Dubai:United Arab Emirates borrowers will help revive regional sukuk sales this year from the slowest start since 2011 as the economy gains strength, according to HSBC Holdings, the biggest arranger of deals in the market.
"The UAE will be the biggest contributor to issuance before the end of the second quarter," Mohammed Dawood, Dubai-based global head of sukuk financing for HSBC, said by phone from Doha on May 5. Full-year sales in the six-nation Gulf Cooperation Council (GCC) could match or "slightly" exceed last year's $21.2 billion, he said.
Rebound in growth
Recoveries in real estate, trade and tourism in the second-biggest Arab economy are fuelling a rebound in growth, leading the International Monetary Fund to consider raising its 2014 forecast. With borrowing costs falling, Dubai sold debt last month for the first time in more than a year, boosting Sharia-compliant issuance from the region to $6.7 billion, according to data compiled by Bloomberg. Sales remain 29 per cent lower than this time last year, the figures show.
The yield on Middle East sukuk has declined 37 basis points this year to 4.27 per cent, the lowest in almost a year, according to JPMorgan Chase indexes. That compares with a drop of 34 basis points for non-Islamic debt in the region.
The IMF said on Tuesday that it will probably raise its estimate for economic growth in the UAE this year from 4.4 per cent as Dubai's expansion gathers pace. HSBC'sUAE Purchasing Managers Index rose in April to the highest level in at least five years, the bank said yesterday.
Strong pent-up demand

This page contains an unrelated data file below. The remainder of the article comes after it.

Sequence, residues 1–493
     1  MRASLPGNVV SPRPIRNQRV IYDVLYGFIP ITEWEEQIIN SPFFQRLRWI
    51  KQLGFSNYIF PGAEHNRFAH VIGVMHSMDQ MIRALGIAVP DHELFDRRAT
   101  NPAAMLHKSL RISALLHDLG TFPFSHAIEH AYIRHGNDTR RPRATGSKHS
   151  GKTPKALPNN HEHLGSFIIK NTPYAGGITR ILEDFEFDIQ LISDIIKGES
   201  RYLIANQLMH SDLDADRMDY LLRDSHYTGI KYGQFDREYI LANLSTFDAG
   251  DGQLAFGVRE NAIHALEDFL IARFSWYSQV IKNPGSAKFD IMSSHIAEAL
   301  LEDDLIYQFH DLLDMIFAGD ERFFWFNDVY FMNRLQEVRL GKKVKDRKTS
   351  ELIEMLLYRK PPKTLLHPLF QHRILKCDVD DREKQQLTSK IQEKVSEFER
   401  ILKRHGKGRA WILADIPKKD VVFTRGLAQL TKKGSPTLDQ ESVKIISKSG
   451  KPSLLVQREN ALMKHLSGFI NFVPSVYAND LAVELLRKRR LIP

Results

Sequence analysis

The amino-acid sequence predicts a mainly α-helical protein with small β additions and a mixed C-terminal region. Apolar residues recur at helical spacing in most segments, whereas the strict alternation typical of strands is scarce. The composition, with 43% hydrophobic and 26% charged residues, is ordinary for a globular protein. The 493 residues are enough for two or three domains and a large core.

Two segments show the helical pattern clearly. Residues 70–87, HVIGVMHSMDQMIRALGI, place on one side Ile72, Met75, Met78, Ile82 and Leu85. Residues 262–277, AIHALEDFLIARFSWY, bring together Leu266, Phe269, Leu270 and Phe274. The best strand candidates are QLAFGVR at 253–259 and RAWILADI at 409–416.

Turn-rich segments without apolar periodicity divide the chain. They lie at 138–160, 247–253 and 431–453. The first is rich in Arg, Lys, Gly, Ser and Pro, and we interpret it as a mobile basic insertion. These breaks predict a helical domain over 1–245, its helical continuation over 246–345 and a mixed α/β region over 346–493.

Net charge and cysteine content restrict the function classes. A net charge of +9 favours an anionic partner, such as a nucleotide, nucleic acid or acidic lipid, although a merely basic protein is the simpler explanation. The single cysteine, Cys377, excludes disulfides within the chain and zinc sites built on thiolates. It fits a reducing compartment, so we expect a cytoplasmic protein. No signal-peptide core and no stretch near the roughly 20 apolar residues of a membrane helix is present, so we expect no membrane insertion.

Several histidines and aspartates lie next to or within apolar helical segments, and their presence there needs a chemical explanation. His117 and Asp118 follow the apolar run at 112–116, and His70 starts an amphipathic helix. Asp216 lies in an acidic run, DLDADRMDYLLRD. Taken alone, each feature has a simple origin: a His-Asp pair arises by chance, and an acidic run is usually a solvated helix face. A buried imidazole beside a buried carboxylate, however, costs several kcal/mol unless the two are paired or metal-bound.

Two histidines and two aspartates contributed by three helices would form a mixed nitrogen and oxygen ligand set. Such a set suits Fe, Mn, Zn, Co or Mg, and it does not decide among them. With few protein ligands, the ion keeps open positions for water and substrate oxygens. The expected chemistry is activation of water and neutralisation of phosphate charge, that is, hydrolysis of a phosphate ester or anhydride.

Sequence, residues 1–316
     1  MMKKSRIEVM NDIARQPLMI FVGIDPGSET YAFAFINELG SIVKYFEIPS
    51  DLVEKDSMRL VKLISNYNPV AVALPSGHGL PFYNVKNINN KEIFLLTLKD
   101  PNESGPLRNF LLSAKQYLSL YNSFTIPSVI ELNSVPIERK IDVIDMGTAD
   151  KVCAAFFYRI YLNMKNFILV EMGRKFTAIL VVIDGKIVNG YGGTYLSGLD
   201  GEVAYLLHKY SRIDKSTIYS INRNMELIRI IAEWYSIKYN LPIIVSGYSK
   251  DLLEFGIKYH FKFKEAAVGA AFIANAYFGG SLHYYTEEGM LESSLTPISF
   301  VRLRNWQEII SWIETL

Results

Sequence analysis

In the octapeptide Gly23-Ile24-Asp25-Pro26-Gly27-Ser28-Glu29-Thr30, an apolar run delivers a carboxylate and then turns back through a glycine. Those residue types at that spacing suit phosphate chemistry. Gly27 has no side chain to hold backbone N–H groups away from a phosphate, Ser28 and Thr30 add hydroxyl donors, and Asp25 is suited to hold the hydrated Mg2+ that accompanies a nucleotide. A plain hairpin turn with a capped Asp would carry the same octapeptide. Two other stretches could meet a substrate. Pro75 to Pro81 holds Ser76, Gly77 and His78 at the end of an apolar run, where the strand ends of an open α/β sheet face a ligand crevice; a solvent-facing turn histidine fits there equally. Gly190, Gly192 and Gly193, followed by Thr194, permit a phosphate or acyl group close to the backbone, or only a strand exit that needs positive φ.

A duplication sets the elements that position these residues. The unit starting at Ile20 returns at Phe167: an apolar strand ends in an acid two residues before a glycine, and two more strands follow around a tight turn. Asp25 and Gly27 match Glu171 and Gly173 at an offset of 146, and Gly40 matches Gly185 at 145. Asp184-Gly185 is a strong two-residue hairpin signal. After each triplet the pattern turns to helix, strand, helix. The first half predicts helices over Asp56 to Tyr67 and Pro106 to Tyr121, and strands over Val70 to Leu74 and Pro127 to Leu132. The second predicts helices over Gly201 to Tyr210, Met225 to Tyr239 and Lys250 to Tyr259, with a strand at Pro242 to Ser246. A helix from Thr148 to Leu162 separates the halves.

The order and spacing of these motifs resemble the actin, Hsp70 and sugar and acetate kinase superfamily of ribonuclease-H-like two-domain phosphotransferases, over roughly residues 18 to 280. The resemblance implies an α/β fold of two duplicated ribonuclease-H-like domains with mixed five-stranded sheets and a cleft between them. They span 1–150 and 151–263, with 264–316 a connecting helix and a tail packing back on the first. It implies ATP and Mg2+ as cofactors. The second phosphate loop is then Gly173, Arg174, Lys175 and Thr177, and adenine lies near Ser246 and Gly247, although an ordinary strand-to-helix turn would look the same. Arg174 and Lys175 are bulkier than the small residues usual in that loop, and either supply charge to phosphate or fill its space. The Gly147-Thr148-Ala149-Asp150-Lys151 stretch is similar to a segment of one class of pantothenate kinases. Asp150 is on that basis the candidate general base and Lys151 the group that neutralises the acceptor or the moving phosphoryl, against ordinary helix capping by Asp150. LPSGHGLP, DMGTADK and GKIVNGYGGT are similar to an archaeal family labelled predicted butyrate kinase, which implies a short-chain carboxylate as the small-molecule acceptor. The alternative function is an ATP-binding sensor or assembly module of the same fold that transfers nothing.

UAE issuers "will probably be a mix of first time borrowers and the usual suspects," Dawood said.
"While levels were limited in the first quarter, it suggests that there's strong pent-up demand for issuance."
HSBC expects bond and sukuk issuance in the region of as much as $40 billion this year, almost matching last year's, Mustafa Aziz Ata, head of Middle East and North Africa debt capital markets at the London-based bank, said in an interview in Dubai on Tuesday.
Sales are off to a slow start this year as borrowers opted for loans, Dawood said. Syndicated Islamic facilities in Europe, the Middle East and Africa rose 77 per cent this year to $2.8 billion, according to data compiled by Bloomberg.
Dubai Investments Park, a subsidiary of Dubai Investments, sold a $300 million sukuk in February, one of three sales in the first three months of the year. Damac Real Estate Development, the Dubai-based developer, raised $650 million from the sale of its first sukuk in April.
"There are a number of first time issuers seeking to access" the sukuk market, Dawood said, declining to be more specific. The sales "will encourage other debut issuers to come to the market," he further added.